1. room-ROOM_DAY8-0044_rgb (640x426)Room — Featuring two of the most inspiring performances of the year, Room is ripped from the headlines in the most compassionate way possible. It begins with a teenage girl (Brie Larson) who is kidnapped and held in seclusion in her rapist’s backyard shed that has been converted into her soundproof prison. Room picks up six years into her ordeal, and she now has 5-year-old son Jack (Jacob Tremblay), whose entire world is the four walls, floor and ceiling of the cell, which he refers to as “room” the way we refer to the planet as Earth. Although the product of a rape, and confined to one room for his whole life, Jack has been taught about the wonder of the world by his mother, whose innocence was stolen so long ago. What could be a grim drama, and it certainly has those moments, Room is largely about the good that a mother can inspire in her child and the love that brings them together to conquer their prison.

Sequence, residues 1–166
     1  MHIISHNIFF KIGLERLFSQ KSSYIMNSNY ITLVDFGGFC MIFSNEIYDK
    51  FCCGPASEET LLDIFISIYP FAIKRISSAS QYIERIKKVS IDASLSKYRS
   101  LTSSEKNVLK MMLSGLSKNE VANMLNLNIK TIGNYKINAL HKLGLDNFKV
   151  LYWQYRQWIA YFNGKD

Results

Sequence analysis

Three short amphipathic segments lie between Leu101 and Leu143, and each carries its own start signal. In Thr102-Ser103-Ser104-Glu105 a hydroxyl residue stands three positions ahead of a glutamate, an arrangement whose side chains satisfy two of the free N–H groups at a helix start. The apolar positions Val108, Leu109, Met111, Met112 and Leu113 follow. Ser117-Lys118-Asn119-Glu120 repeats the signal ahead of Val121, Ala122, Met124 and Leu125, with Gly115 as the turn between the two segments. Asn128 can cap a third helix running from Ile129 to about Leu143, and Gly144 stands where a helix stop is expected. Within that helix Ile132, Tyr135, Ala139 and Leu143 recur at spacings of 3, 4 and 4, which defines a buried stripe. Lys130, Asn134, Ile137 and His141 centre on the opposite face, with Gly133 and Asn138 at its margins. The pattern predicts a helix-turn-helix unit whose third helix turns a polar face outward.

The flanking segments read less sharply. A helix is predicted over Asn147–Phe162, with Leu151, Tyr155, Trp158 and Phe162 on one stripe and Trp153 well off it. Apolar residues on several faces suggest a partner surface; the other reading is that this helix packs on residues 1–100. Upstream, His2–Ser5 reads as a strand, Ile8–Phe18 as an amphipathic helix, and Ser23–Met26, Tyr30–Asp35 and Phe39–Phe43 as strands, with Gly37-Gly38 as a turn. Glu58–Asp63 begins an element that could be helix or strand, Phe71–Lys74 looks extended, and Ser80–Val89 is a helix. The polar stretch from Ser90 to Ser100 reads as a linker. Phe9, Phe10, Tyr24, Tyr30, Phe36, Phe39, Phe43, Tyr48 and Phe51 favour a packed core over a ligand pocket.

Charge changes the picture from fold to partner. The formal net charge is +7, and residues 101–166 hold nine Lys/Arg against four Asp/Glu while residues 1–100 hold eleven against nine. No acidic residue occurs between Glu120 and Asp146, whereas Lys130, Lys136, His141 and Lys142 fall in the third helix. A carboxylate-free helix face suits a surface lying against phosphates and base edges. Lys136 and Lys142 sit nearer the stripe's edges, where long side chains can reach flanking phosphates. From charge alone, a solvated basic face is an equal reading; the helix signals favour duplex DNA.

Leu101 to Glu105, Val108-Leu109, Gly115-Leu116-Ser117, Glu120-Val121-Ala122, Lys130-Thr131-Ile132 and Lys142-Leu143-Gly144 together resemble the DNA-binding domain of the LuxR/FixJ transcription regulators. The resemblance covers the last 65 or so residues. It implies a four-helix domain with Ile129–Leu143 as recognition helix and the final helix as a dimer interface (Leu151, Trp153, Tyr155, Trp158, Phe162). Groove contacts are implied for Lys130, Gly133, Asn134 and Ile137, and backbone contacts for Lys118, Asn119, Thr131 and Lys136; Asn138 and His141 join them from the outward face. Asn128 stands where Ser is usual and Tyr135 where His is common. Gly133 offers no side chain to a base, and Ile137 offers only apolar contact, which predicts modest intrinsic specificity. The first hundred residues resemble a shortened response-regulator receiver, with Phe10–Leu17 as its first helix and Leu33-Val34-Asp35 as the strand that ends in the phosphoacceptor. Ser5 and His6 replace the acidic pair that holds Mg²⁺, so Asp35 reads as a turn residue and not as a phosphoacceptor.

1. Spotlight — In 2001, the Boston Globe’s investigative team turned its unblinking eye, or spotlight, on the Roman Catholic Church and its handling of child abuse by priests. Viewers expecting to see a bang-bang investigation with news van chases, mysterious tipsters in parking garages and “stop the presses” revelations were likely caught very off guard to find the exact kind of methodical, slow-moving investigative reporting that actually transpired at the Globe. The film coils together from a variety of different threads, all of which are researched, fact checked, confirmed and analyzed, because that’s how journalism actually happens. It’s this adherence to authenticity that makes Tom McCarthy’s Spotlight so mesmerizing. How do you make a gripping drama out of court records, grand jury testimony and old archdiocese yearbooks? Spotlight has found a way. The movies stars — including Michael Keaton, Mark Ruffalo, and Rachel McAdams — hold it all together with thorough and convincing portrayals that move this delicate subject matter forward.